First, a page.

I was up and out of camp by 8am Sunday hiking about an hour back to the car and 2 1/2 hour drive home. I saw no other backpackers at all on this trip, and encountered only 4 dayhikers (and 7 dogs) during the day on Saturday.
1. I saw lots of wolf scat on the trails. It's easy to identify because of the large amounts of squirrel fur!
2. I remembered to take a small fanny pack with me to keep my camera, cellphone and other battery-powered gizmos warm and happy. This fanny pack has a buckle on the side so it can be worn with my backpack but the buckle doesn't get in the way. The fanny pack rides in front under my outer top to stay warm.
3. My 1 liter Nalgene bottles filled with near-freezing water actually stayed mostly liquid overnight in the Granite Gear insulated covers. My Camelbak "Unbottle" bladder stayed unfrozen inside my pack (barely), helped out by the insulated bladder cover and warmer (50 or so degrees) mid-day temps.
4. My ULA Circuit Pack was pretty well maxed out with the extra down and other clothing needed for a trip in temperatures down to the low 20's. For even colder weather (more stuff, bulkier clothing, change in stove from Bushbuddy to MSR Dragonfly, and other winter (vs. 3 season) gear) I will need to carry a bigger winter-sized backpack. I have a Dana Design Astralplane (7,250 cu. inches, almost 120 litersl!!!) that is HUGE, and more than I need. Heck, the pack by itself weighs nearly 8 lbs, but it's VERY well made and carries comfortably for all its overkill traits! It'll probably have to do for this winter since I just don't want to spend the money right now to get something else!
5. I actually managed to decapitate one of my Easton Aluminum tent stakes I was using for my tarp! I hauled on the pull loop to extract the stake and the head came away from the aluminum stake which remained firmly embedded in the partly frozen, wet clay soil! I've never had that happen before! The headless stake is now buried honorably in that campsite 'cause it was NOT gonna budge!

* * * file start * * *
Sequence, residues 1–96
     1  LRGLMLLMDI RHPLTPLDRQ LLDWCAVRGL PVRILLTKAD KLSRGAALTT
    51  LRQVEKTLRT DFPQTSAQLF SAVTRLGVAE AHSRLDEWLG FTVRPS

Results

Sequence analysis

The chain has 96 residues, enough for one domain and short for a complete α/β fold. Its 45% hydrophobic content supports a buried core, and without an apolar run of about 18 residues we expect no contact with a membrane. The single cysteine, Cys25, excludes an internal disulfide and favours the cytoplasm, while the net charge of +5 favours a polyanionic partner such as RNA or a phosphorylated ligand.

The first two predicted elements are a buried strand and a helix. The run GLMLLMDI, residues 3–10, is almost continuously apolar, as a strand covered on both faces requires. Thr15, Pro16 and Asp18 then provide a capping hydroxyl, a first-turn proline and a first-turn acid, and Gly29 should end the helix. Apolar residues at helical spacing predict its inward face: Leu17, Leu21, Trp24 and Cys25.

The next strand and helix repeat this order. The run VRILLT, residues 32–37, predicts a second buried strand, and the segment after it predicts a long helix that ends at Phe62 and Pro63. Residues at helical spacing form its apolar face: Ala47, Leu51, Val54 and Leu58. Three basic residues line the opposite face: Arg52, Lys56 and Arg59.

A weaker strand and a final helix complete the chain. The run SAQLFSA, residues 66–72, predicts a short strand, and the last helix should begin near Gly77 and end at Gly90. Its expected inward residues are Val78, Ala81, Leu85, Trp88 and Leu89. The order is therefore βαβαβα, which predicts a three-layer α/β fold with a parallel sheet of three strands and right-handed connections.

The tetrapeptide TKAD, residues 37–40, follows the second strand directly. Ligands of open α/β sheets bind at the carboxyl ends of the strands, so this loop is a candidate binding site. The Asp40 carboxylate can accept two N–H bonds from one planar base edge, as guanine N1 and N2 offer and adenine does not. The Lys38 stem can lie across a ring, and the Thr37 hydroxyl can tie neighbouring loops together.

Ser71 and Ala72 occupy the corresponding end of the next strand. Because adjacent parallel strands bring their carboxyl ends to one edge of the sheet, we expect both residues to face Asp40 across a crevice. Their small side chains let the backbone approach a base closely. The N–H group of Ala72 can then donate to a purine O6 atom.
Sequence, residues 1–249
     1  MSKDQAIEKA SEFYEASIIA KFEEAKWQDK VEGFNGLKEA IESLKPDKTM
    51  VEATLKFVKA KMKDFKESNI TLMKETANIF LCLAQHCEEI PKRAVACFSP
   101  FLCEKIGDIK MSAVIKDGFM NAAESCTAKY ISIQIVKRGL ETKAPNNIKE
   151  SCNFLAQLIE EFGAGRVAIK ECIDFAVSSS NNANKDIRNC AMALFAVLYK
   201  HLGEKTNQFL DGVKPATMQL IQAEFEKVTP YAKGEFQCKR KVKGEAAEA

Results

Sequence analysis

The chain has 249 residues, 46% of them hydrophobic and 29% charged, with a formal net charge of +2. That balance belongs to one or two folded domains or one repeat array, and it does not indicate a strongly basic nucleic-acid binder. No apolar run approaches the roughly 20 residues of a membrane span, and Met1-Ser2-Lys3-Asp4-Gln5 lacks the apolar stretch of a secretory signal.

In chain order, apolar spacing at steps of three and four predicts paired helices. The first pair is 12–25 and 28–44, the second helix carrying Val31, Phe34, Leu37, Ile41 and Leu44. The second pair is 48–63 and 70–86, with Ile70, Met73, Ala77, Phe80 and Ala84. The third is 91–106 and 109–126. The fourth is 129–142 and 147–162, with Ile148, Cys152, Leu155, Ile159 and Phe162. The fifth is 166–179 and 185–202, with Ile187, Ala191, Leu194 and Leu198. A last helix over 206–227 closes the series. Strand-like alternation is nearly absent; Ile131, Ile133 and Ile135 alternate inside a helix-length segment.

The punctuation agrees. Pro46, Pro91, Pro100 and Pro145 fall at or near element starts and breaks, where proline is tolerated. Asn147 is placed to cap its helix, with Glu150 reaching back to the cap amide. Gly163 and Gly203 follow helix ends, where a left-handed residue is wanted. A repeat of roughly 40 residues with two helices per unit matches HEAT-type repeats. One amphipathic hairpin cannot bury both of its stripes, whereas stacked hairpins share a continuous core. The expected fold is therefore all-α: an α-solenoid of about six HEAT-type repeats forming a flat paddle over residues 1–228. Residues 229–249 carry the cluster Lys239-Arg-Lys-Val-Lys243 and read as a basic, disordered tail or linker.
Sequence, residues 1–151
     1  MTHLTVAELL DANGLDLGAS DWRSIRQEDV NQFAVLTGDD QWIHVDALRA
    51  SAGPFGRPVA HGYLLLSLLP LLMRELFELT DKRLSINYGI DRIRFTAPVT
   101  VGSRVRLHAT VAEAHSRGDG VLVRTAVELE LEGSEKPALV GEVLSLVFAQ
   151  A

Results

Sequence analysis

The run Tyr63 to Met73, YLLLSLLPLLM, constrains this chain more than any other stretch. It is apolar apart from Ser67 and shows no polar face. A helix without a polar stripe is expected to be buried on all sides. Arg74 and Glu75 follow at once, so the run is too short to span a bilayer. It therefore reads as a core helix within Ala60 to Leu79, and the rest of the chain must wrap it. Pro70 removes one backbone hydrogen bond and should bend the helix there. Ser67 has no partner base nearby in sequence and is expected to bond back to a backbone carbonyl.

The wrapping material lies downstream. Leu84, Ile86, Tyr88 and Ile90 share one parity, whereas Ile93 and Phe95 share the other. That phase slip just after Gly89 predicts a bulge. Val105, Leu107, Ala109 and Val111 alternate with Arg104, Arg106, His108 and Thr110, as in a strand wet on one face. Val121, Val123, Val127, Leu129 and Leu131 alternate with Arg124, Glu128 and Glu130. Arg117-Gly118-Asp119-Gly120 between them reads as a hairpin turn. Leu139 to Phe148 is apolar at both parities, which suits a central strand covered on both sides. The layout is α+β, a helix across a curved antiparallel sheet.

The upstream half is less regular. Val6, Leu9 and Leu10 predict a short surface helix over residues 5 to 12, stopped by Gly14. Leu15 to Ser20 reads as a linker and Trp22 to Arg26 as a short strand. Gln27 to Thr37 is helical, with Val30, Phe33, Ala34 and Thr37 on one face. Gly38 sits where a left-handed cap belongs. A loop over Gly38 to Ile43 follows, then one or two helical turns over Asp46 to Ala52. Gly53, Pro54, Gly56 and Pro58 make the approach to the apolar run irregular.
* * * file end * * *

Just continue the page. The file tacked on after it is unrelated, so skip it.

6. I used my newly acquired Dachstein wool mittens and hat for the coldest nighttime and early morning periods. Warm and toasty! Other new gear, my Inov8 Terroc 330 trail runners were a dream, though right at the edge of not offering enough warmth in 20-something temperatures if I wasn’t walking.
7. I was reminded again of how little clothing one needs to wear to stay comfortable and warm while hiking…and how quickly you need to layer up once you stop! This gets very dramatic as the weather gets colder, ‘cause sweating when it’s cold is NOT a good or safe thing to do. The temperatures on this trip were no big deal to cope with even with a 8-15 mph wind, but a trip where the HIGH temperature is 25 or less is a different animal and needs a new mindset to deal with water, cooking and staying comfortable (but not hot).
8. Minor irritation: My “dirty” water bladder (from Platypus) that feeds my gravity filter system did NOT want to zip closed. It works well even when it’s open/unzipped, but I expected the zip closure to work better than it did! I’ve decided to replace it with the MSR Hyperflow Gravity Kit bag. This has a standard roll-top closure and should be less prone to malfunction.
View of St. Louis River from the "Swinging Bridge"
Camp above the river in calm section of the river. Tarp is a Backwoods Day Dreamer "Winter Dreams". Hammock is a WB Traveler 1.7 dbl.
Lunchtime view of the river from a high bluff
Beep on the trail